This is none other than our reward system. Dopamine is the neurotransmitter that plays a fundamental role in behavior. Normally, we release it when we eat something pleasant, we have a satisfactory experience or we exercise, among other things, which include taking some types of drugs. Its role is to activate the reward system so that we repeat a behavior, in principle, beneficial to us.
There are four major dopaminergic pathways (which transmit dopamine) in our brain: the mesocortical, the nigrostriatal, the mesolimbic, and the tuberoinfundibular. Of these, the first three are directly related to the reward we were talking about, so that carrying out certain actions triggers, through these pathways, a pleasant and satisfactory stimulus: they make us happy. This mechanism is what our brain uses to reinforce behavior.
When a substance or action abuses these pathways, such as drug, gambling, or other factors, we can fall into addiction. We are not going to go into details about this, but we will say that in the absence of this stimulus (or the awareness that we will not have it), our brain reveals itself, creating a certain feeling of anxiety. In the same way, our brain feels "calmer" when receiving the stimulus and knowing that it is available. It is part of the learning mechanism, to some extent deformed by an external stimulus. This effect has been proven several times on mobiles, as described in this study by the Faculty of Psychology at the University of Bergen.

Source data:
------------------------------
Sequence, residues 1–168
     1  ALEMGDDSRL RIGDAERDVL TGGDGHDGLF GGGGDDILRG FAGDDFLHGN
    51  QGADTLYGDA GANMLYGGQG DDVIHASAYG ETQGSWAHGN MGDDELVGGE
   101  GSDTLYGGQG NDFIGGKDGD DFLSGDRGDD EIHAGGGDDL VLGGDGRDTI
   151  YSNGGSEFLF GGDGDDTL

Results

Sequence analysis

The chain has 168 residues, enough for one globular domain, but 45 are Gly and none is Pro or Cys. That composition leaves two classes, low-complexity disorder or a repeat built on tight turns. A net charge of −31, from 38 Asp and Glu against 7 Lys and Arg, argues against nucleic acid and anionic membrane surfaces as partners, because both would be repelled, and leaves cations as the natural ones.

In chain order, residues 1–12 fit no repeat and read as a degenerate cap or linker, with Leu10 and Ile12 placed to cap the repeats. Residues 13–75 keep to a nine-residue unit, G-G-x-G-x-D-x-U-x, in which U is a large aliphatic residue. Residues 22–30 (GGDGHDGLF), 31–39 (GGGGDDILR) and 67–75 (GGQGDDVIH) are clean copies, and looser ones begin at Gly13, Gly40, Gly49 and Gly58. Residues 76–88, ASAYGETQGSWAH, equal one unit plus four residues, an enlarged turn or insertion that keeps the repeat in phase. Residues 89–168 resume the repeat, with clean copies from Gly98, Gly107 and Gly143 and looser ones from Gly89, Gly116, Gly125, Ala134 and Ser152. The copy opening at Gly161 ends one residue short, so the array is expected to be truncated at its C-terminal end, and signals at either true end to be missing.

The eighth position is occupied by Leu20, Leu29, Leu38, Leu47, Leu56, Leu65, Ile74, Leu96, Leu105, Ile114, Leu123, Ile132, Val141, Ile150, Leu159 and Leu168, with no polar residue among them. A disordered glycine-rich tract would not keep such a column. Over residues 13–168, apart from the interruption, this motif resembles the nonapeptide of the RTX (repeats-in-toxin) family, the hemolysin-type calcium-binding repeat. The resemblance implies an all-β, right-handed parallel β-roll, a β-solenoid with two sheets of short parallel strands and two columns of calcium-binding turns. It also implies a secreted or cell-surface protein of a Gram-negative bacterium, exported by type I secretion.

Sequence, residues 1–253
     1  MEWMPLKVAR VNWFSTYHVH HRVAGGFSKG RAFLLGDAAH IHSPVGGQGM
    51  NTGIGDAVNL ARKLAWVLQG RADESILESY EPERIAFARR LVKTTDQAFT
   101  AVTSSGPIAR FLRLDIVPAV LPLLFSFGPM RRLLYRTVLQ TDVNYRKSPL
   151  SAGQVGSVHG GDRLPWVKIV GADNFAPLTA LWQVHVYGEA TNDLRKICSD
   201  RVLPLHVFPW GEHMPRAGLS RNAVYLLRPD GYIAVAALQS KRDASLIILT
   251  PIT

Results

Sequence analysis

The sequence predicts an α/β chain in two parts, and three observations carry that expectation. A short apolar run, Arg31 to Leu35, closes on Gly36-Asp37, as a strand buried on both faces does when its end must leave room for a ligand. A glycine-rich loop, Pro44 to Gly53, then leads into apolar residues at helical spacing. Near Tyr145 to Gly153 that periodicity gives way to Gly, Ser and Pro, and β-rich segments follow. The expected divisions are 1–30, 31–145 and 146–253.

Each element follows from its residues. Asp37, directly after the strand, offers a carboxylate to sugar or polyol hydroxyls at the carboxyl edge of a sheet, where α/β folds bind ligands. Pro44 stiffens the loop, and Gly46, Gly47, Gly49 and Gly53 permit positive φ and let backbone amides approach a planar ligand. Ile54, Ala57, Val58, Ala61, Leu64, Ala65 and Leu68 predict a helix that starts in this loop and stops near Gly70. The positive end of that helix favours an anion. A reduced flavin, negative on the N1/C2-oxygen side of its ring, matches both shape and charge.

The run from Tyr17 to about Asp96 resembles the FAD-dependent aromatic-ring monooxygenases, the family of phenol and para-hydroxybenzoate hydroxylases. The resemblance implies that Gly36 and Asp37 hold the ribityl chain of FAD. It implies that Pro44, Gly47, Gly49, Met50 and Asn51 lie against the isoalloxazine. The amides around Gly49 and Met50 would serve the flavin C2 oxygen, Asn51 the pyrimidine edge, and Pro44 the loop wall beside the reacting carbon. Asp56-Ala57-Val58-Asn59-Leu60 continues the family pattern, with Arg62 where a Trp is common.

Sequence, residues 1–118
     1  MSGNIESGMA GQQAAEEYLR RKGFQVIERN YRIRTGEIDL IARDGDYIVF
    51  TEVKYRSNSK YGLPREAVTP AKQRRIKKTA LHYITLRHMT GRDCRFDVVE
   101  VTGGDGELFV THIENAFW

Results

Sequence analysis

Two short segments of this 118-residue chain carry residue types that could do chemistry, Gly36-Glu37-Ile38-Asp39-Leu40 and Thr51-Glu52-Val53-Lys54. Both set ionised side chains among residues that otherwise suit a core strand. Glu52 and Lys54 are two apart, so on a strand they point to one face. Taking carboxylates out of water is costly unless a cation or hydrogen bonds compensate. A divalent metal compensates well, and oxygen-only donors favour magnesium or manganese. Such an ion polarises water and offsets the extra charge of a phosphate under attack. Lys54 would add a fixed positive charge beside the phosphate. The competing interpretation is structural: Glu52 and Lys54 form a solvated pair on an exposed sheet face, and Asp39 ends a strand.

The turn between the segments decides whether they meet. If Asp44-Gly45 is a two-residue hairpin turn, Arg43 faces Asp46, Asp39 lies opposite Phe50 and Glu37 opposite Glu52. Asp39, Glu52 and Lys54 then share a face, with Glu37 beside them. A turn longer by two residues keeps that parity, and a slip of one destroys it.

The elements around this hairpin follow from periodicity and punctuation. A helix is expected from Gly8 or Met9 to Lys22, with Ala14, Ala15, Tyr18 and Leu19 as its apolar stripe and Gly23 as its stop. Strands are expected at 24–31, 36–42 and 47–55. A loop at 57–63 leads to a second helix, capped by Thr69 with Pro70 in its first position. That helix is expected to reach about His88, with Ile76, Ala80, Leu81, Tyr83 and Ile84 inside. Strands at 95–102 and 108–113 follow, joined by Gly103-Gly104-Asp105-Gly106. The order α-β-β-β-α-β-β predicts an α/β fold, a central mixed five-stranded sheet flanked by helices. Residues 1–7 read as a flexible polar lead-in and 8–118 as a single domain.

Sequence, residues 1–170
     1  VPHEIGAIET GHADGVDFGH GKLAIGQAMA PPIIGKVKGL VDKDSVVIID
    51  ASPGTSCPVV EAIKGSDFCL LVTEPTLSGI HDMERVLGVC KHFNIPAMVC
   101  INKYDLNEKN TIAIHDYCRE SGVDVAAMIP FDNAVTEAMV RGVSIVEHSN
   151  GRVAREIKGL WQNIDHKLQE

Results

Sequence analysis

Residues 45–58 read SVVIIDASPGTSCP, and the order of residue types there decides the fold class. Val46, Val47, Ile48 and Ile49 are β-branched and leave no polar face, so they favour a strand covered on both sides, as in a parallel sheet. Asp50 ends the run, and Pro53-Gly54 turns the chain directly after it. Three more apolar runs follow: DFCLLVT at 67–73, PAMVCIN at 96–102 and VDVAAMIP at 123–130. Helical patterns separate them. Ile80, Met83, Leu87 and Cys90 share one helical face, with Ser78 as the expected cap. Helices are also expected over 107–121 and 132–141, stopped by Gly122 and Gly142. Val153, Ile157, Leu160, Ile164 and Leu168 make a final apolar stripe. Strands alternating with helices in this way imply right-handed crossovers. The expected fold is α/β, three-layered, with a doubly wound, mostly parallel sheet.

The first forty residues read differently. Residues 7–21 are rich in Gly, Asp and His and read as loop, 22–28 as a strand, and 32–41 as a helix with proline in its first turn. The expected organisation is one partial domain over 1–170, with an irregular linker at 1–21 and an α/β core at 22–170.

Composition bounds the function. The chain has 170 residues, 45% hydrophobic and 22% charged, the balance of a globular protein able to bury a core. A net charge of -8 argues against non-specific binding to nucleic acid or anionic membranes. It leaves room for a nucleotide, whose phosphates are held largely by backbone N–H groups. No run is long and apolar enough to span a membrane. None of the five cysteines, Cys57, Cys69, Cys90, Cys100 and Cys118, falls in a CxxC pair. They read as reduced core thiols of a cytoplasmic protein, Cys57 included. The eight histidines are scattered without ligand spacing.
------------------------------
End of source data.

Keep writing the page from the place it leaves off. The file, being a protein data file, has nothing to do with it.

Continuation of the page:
We are social beasts
We have already seen that it is the reward, mediated by the dopaminergic pathways and activated by the stimulus, that is why the notifications "hook us". But what is it that actually produces the reward? What have we associated with the stimulus so that we like so much to give to the mobile? Primates, in general, we are animals with a great background Social. The reason for this, and probably also the consequence, is the reward system we were talking about.
Indeed, this is activated by the dopaminergic pathways in the face of social interaction. As we can see in this study from Philipps University, Marburg, the relationship between human beings triggers this type of response: a smile, a caress, approval or kind words are enough to awaken the reward and, therefore, promote the behavior that has generated said stimulus. Evolutionary researchers explain this relationship as a necessary and positive social mechanism.